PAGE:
The Liberal Democrats are stronger and more relevant than ever following the British electorate voting to leave the European Union, leader Tim Farron is expected to announce at the start of the party's conference.

He will claim his party, which has vowed to do all it can to keep the UK in the EU, is the only one lobbying for an "open, tolerated, united" country.

Farron is also expected to use Labour's recent divisions as ammo for his argument that his party gives liberals a "home".

Despite having only eight MPs, the party has seen a surge in membership numbers.

Supporters will flock to a four-day event that kicks off today (17 September) in Brighton, with the party having attracted 10,000 new members since the EU referendum. In contrast, Labour received 128,000 more members in the two weeks following the EU referendum.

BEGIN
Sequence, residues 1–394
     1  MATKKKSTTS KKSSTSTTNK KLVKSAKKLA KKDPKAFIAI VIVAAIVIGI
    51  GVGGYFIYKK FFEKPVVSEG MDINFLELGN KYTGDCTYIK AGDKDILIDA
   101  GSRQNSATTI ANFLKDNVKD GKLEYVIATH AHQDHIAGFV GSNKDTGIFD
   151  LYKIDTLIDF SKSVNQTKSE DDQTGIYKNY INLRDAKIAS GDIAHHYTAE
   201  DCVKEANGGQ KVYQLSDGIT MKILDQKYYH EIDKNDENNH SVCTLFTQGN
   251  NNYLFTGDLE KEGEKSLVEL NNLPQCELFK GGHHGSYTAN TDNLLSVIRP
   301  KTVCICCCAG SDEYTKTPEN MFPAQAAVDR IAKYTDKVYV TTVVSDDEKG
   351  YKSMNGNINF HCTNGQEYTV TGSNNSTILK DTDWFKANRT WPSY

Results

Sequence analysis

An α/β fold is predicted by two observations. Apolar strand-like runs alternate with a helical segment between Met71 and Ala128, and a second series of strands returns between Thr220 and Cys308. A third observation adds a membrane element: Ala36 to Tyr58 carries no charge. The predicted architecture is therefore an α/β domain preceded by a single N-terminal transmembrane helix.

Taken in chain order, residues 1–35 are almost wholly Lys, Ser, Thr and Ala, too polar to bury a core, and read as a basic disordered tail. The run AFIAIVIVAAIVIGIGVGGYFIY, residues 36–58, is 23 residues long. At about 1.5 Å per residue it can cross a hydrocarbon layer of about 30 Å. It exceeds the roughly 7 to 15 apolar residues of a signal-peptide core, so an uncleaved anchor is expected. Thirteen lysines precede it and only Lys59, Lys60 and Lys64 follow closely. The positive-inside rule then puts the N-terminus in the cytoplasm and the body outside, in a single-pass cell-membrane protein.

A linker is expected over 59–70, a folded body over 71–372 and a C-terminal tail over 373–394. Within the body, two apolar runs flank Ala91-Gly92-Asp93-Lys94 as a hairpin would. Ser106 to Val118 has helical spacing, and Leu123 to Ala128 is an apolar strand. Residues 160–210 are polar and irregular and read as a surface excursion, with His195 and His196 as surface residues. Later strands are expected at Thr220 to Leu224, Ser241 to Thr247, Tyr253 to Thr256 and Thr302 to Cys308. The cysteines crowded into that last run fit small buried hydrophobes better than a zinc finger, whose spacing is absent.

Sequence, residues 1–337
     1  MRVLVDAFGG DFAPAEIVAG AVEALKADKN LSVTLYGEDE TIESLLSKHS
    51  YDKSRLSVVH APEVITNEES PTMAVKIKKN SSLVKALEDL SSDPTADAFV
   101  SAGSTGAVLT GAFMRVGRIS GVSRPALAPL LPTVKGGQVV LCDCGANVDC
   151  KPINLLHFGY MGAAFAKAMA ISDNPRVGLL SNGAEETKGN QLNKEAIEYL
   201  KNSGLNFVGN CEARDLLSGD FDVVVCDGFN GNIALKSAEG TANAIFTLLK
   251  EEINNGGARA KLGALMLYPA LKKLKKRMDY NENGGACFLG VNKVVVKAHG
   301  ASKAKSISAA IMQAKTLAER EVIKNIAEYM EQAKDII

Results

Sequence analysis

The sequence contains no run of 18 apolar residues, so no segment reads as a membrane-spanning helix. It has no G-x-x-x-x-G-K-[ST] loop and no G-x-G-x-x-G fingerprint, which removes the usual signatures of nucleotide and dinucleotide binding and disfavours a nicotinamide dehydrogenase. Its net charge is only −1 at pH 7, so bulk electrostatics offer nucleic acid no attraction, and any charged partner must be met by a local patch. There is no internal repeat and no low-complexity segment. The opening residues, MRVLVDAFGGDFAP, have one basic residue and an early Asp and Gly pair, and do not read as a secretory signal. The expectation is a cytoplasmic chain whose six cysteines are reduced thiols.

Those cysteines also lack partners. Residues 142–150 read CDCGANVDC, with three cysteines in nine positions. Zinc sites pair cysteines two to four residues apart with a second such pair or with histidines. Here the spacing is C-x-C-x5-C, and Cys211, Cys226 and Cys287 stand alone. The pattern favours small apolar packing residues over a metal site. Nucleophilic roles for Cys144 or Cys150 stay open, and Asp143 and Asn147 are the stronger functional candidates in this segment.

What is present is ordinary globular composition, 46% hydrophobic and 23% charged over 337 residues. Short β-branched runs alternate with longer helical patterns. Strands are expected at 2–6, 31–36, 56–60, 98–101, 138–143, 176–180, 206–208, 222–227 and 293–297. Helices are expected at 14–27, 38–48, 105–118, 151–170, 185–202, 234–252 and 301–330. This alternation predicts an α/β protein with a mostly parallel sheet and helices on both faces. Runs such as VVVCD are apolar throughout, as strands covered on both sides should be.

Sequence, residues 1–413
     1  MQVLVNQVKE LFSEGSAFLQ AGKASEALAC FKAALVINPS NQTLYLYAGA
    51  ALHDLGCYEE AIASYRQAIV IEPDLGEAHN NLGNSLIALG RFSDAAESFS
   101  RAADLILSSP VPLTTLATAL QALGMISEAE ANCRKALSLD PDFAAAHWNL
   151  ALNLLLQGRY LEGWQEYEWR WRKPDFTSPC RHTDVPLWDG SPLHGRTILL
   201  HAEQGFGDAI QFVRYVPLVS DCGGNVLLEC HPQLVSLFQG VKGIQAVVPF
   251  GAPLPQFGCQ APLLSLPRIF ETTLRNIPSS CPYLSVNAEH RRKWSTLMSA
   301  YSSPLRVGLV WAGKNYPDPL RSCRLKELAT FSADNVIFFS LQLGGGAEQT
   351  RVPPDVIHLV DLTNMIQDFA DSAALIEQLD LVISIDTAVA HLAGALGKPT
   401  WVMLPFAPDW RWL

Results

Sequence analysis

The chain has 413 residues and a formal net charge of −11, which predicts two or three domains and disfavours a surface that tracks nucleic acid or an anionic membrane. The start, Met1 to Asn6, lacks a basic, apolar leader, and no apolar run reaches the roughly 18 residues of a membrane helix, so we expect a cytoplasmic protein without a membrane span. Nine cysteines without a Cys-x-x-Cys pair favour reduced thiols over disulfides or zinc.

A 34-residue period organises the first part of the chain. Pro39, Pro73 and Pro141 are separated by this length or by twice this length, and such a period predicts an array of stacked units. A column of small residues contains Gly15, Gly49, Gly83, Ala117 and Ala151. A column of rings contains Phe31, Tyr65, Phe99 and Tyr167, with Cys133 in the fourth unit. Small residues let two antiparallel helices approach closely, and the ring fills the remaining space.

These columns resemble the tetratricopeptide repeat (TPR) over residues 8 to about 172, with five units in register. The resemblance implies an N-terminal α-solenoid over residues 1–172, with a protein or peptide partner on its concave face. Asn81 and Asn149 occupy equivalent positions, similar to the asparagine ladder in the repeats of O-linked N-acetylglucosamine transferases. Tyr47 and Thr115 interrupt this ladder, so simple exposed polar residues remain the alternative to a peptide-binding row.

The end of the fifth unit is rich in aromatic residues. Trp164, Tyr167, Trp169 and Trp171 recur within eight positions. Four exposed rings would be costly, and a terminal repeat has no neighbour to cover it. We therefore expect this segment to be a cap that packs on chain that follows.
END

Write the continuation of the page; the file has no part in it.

In an address to the rally, Farron will outline plans to park "Lib Dem tanks on the Conservative lawn".

He is also expected to highlight the Conservative party's disorganisation in dealing with the aftermath of the Brexit vote.

Capitalising on the ongoing divisions within the Labour party, he will make a move to position the Lib Dems in the minds of voters looking for a viable opposition to Prime Minister Theresa May and her party.

He is also expected to criticise newly elected Ukip leader Diane James who he will claim leads a party whose policies are "based on a vision for Britain that is closed, hateful and divided".

EU referendum: Lib Dem leader Tim Farron warns of Brexit IBTimes UK

He will say: "This party stands stronger, large, determined, relevant, in the right place in the right space at the right time.

"Just when Britain needed a movement that will challenge this Tory Brexit government, just when liberals in other parties are desperate for a home where they can make a difference, the Liberal Democrats are back and we matter more than ever."

Farron will give his traditional end-of-conference leader's address on Tuesday.

On Saturday's agenda, debates will be held on homelessness, corruption and corporate crime, along with consultative sessions on nuclear weapons and sex work.